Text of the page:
2021 in Review: The Virus remains deadly
COVID-19 gave Moffat County a six-month reprieve in early 2021, but it came back with a vengeance in the second half of the year
In early 2022, Craig and the rest of the world will experience the second anniversary of the COVID-19 pandemic. In 2021, we had become comfortable with the new normal.
As the pandemic continued, Craig learned how to navigate public health concerns while transitioning into a post-lockdown community.
Widespread vaccination begins
By January of 2021, distribution of the COVID-19 vaccine became more accessible to immunocompromised communities, and the general public was not far behind. By Jan. 18, Moffat County reported it had vaccinated 1,174 people between its three primary medical providers: Memorial Regional Health, Moffat County Public Health and Northwest Colorado Health.
According to a report from Public Health from January, MRH had administered 611 vaccines, Public Health had administered 408 vaccines, and Northwest Colorado Health had administered 156 vaccines. The majority of vaccines administered have been to those who were over the age of 70. By the end of March, vaccine appointments were open to anyone over the age of 16.
Statewide health mandates ease
In April, Gov. Jared Polis lifted the mask mandate in counties under level-green restrictions on Colorado’s coronavirus dial. Counties were to wear masks only in K-12 schools, child care centers, indoor children’s camps, public-facing state government facilities, congregate care facilities, and prisons and jails. Masks were required in healthcare settings — including hospitals, urgent-care centers and doctors’ offices — as well as at personal-services businesses, like hair and nail salons.
People who live in counties that are in levels blue, yellow, orange, red or purple had to wear masks only when they are gathering with 10 or more unrelated, unvaccinated people in indoor public settings. At the time, Moffat County was considered green, which meant mask regulations eased.
The summer surge
With positivity rates climbing quickly as a result of the onset of the Delta variant, cases in the county rose exponentially and caused a strain on local health infrastructure. By June 9, Craig had its first COVID-19 death since early January — after about six months of zero deaths.
By the end of the month, MRH was dealing with its most patients in the COVID unit since December of 2020. In mid-July, Moffat County experienced its youngest death from the virus, a young person in his or her 20s. By the end of that month, three more community members died within a week of each other.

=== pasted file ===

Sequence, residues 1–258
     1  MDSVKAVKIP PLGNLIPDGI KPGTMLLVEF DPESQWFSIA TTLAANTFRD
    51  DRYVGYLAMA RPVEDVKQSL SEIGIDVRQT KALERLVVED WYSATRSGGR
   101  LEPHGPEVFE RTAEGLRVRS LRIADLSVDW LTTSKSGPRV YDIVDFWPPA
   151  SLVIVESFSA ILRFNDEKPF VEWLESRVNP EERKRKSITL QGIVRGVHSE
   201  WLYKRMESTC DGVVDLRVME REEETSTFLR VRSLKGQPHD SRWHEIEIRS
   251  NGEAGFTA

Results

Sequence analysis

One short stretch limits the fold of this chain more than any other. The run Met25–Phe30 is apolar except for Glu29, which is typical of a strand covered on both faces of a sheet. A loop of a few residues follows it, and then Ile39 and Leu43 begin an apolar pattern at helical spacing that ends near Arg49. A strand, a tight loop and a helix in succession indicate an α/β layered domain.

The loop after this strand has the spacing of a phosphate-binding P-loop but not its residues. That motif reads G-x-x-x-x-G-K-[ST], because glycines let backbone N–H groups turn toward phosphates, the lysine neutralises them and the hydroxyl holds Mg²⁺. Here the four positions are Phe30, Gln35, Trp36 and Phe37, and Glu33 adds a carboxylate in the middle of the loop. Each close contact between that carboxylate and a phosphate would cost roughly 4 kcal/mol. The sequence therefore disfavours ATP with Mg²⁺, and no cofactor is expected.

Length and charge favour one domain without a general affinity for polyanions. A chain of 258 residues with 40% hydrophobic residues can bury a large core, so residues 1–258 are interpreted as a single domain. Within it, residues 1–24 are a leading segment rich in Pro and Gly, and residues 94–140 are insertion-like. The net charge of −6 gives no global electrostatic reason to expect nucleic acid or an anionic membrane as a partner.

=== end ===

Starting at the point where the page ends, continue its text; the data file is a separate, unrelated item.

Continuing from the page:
Getting through the new year
Much like the holiday season of 2020, doctors and public health officials have warned of a post-Christmas surge as a result of traveling and family gatherings. As the year draws to a close, across the country, numbers of those infected with COVID-19 are rising significantly.
Much of that is likely due to the Omicron variant. Though symptoms of Omicron appear to be less severe than Delta, it’s still highly contagious and has been shown to break through to infect patients that have two vaccine doses, though boosted individuals are at much lower risk. Right now, local health experts are hoping to keep the spread low in order to protect hospital capacity.
In October, vaccination rates among adults finally surpassed 50% in Moffat County, adding a protective layer against hospital overflow in the new year. That rate has not moved much since October. Vaccines are now available for children as young as 5 years old, but those rates in Moffat County are still very low.
After some confusion about federal vaccine requirements for hospital workers, Memorial Regional Hospital will continue with its 100% vaccinated or exempted requirement for employees. Hospital employees are required to receive the vaccine by Medicare and Medicaid, and with over 60% of the hospital’s revenue coming from those two offices, interim CEO Jennifer Riley told the Craig Press in December that enforcing the mandate is what’s best for the hospital and the community.
While statistic gathering have changed somewhat over the last year — relative to counts that include people who died with COVID-19 or definitively due to COVID-19 — current statistics indicate that as many as half or more of the 50 people listed by Moffat County Public Health who died from the virus in the county did so since June, 2021.
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